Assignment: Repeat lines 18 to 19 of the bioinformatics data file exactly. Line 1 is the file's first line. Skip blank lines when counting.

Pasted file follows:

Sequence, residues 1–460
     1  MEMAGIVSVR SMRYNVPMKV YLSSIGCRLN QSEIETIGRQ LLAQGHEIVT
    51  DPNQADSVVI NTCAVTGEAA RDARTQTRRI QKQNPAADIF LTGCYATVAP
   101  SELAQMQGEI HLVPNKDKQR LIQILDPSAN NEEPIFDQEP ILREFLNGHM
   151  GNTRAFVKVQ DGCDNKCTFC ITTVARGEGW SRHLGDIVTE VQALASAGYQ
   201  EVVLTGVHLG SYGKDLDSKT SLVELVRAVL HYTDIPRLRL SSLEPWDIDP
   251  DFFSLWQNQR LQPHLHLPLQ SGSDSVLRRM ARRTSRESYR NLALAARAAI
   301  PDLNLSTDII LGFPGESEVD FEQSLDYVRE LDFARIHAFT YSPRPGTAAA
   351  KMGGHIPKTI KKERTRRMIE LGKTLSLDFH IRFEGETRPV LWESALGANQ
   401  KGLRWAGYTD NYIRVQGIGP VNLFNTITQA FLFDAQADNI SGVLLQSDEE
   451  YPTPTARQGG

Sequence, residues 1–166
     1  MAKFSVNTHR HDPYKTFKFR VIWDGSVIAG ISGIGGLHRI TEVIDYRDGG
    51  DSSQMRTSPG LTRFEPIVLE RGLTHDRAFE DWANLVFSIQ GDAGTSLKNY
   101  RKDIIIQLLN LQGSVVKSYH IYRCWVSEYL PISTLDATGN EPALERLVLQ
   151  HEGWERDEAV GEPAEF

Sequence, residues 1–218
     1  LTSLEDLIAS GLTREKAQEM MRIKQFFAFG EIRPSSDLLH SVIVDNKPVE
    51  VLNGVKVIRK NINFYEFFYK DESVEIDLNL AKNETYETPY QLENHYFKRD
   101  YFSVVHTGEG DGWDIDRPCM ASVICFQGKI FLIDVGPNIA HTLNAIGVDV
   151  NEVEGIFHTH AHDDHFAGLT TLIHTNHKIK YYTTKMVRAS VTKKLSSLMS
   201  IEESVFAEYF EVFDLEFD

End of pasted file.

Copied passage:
     1  LTSLEDLIAS GLTREKAQEM MRIKQFFAFG EIRPSSDLLH SVIVDNKPVE
    51  VLNGVKVIRK NINFYEFFYK DESVEIDLNL AKNETYETPY QLENHYFKRD